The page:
Traveling with children can be stressful at the best of time, but for parents of kids with bipolar disorder, an extended family vacation can be a daunting prospect. Here are some tips to make some great memories:
Consider a shorter stay
If this is your first family vacation, you may want to try day trips, weekend getaways and other short adventures. You’ll soon learn what stressors or triggers to look for with children who live with bipolar disorder. Work your way up from a day to a week away.
Prepare! prepare! prepare!
Longer and more involved trips require a ton of preparation so doing your homework is essential. For example, if you are going to an attraction or theme park, there can be many triggers—crowds, noise sensitivities—that you need to be aware of. Do some research and find out when attendance tends to be lowest. For example, generally, crowds at Disney World are packed during spring break and reading weeks for colleges, but more manageable after the holidays or in early fall.
A road less traveled
If it’s simply not a good idea to vacation at a crowded theme park then opt for something with less stimulation. Go off the beaten path; a peaceful camping trip at a state or national park can be fun, or perhaps rent a cottage at a small private beach. Look at a themed trip that speaks to your child’s interests. If your daughter is passionate about horses, plan a horse-back-riding day camp or spend a day visiting a few museums if your son is a fan of dinosaurs.
Plan out long drives
For most kids, and adults alike, long car rides can be exhausting, but especially for children who have bipolar. Consider the side effects of medications in doing homework about vacations i.e. some meds can make your children thirsty and hungry and then they’ll need restroom and snack breaks more regularly.
There are a few items that top the list of every parent who’s ever survived a trip with children who have bipolar. First is a DVD player, either a portable unit or something already incorporated into the vehicle. Keeping kids occupied and distracted from the actual act of traveling is important. The second is portable video games, and for the same reason as a DVD player. Let your kids pick the movies and make sure you approve of the ‘games’ your child chooses.
Children who live with bipolar disorder are more sensitive when their routines are disrupted or they face new surroundings, sounds and experiences. Even though you will be away from home, as much as possible, try and stick to your usual routine. Try to keep meals and bedtime the same and even bring ‘comfort’ items from home. Obviously, the most vital routine is making sure your child’s medication schedule remains the same. If you have to, set an alarm on your phone or watch if you need a reminder.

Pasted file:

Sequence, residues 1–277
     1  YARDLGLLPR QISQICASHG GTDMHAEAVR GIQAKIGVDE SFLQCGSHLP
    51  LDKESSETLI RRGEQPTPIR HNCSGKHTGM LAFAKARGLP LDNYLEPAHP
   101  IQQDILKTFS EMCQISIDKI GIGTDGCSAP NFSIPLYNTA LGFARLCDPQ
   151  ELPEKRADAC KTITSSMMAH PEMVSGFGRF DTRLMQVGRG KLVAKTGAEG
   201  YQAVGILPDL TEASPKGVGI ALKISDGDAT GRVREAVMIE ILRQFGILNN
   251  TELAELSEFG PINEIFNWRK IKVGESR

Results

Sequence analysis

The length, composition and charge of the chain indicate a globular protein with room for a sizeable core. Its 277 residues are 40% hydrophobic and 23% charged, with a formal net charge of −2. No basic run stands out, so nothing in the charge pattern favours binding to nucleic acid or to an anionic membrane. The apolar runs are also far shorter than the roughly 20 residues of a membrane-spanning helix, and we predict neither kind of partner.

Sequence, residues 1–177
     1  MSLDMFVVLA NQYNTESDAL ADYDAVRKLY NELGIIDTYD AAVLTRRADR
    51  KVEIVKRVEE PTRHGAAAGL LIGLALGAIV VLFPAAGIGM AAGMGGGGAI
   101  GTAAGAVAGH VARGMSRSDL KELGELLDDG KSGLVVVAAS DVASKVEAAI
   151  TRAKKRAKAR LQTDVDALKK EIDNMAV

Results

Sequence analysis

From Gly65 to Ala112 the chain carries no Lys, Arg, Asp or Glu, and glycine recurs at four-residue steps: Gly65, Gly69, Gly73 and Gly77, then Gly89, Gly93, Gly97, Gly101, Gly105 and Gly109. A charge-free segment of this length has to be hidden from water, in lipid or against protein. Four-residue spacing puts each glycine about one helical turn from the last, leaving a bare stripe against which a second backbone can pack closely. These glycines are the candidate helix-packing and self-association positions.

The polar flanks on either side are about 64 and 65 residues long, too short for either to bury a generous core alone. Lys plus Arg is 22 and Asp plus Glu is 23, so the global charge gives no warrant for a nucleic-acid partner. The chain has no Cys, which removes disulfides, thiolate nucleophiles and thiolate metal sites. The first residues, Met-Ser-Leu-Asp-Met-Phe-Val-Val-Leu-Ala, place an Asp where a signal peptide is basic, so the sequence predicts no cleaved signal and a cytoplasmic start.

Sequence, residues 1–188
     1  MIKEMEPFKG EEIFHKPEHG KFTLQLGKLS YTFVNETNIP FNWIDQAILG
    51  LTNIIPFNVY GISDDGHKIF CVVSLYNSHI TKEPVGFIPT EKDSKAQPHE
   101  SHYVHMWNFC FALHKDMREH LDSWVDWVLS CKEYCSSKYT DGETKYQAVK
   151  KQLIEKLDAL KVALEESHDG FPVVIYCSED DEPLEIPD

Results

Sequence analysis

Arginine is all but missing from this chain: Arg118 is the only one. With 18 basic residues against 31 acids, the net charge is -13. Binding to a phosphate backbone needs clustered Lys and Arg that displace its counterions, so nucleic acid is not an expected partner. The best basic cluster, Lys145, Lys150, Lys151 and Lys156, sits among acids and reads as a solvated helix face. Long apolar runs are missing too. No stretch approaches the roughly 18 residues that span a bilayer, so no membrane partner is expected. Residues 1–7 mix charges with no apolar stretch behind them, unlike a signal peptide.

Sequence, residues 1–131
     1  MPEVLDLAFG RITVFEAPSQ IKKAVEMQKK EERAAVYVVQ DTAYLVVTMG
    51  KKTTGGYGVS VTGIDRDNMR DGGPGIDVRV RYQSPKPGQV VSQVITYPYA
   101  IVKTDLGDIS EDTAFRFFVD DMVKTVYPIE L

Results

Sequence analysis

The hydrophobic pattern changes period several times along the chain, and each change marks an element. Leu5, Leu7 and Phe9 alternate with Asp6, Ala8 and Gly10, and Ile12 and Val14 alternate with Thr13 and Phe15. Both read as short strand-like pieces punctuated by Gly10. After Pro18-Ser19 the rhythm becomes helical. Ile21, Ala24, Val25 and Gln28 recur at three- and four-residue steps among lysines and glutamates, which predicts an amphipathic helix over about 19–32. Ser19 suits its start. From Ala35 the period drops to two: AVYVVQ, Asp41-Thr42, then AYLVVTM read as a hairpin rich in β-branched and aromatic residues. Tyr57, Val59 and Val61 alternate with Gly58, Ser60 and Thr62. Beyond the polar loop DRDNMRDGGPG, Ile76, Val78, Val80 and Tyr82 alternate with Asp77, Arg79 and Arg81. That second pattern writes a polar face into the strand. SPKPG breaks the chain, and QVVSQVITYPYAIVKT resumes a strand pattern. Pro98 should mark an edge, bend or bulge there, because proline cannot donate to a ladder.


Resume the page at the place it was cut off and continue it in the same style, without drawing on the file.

A little help
If you’re on your own, it’s a good idea to ask for a little assistance; enlist the help of staff at a theme park or restaurant, for example. Explain that your son or daughter has a brain illness and gets over stimulated and can’t stand in long lines; many places will accommodate moving you to the front of the line. Perhaps you can let people at the front of the line know that your child is prone to melt-downs; generally most people are sympathetic and won’t be upset for you to cut in.
When researching all aspects of your family trip, choose your hotel stays carefully. Most parents will agree that finding lodging that offers other activities is essential; an indoor pool can be a lifesaver for when the weather does not cooperate. Also, if your child generally a very early riser or tends to be loud and possibly disruptive, ask the hotel for a room with no one on either side of you; connecting rooms or a suite is also a very good option.
Every child is unique
Since the symptoms of bipolar disorder are unique to each child, you’ll need to tailor your vacation plans according to your kid’s tendencies. For example, if, during the summer he does better in the morning, find a destination that offers activities at this time of day and then go back to the hotel in the afternoon to wind down. If you know too much stimuli and crowds will most definitely trigger a manic episode, maybe opt for a cottage someone quiet and plan day trips into town.
Expect a few snags
Try not to be too disappointed when things don’t go as planned. Realize that traveling with kids in general (those with bipolar or not), can be challenging so don’t expect perfection. Realize that if you get upset that something didn’t go as planned, this stress will trigger unwanted emotional behavior from your child. Try to be as flexible as possible, go with the flow and infuse some humor into any mishaps.
via bpHope – bp Magazine Community